The World Trade Organization’s 12th Ministerial Conference (WTO MC12) takes place June 12-15 in Geneva—two years after the pandemic forced members to postpone its original schedule. In those two years, the world has changed and the importance of multilateral approaches to tackle international trade issues has become even more acute.
In many places around the world, hunger is worse than ever before.
That’s the message of the 2022 Global Report on Food Crises (GRFC), released this week. The report paints a grim picture of global food security. Almost 193 million people across 53 countries/territories were acutely food insecure in 2021, up nearly 40 million people from 2020. This number represents a new record and is only expected to worsen throughout 2022.
Last week, the heads of the World Bank Group, International Monetary Fund, United Nations World Food Program, and World Trade Organization issued a joint statement calling for urgent global action on food security in response to skyrocketing global food prices.
A food crisis was brewing even before the Ukraine war – but taking these three steps could help the most vulnerable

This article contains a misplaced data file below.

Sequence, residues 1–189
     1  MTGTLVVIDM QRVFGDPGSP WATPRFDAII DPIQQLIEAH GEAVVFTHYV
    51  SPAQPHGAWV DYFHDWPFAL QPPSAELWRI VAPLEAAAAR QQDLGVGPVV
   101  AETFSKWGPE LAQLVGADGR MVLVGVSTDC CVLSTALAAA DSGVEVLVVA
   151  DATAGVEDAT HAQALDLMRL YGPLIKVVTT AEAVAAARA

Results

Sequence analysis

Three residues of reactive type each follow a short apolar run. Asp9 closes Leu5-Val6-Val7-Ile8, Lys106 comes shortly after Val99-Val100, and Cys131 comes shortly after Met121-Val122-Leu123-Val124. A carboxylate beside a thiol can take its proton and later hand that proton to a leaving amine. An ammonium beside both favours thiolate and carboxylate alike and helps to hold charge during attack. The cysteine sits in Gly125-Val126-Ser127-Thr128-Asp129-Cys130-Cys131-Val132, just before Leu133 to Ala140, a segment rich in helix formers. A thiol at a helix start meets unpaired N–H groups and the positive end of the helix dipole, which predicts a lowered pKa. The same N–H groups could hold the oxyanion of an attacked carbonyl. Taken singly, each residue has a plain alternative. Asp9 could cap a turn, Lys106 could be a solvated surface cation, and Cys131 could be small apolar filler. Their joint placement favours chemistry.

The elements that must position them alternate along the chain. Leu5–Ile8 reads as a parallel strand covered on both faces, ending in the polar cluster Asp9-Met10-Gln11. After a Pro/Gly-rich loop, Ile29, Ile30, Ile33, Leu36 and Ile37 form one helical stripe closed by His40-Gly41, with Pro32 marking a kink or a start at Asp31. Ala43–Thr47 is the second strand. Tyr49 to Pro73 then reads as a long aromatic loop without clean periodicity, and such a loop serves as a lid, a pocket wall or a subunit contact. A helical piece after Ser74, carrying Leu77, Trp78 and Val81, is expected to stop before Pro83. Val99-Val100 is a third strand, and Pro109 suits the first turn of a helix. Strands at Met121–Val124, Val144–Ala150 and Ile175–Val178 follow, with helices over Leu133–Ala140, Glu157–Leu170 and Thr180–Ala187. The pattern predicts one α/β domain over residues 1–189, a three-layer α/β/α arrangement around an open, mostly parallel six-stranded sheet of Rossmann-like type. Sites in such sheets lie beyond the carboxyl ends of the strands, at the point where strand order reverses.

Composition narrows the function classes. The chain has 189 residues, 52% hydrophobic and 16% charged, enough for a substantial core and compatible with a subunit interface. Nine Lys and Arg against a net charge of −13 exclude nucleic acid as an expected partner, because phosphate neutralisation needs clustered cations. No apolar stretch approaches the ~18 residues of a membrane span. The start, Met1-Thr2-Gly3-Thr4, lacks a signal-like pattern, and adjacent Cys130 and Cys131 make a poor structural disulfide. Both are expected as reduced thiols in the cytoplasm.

Russia’s invasion of Ukraine has led to the disruption, by sanctions or war, of two of the world’s largest grain exporters. This means 2022 is shaping up to be a very difficult year for the global food system.
Russia's invasion of Ukraine has imperiled global food security—creating suffering within Ukraine and displacing millions, while disrupting agricultural production and trade from one of the world's major exporting regions. The latter threatens to drive rising food prices still higher and create scarcity, especially for regions most dependent on exports from Russia and Ukraine—particularly the Middle East and North Africa.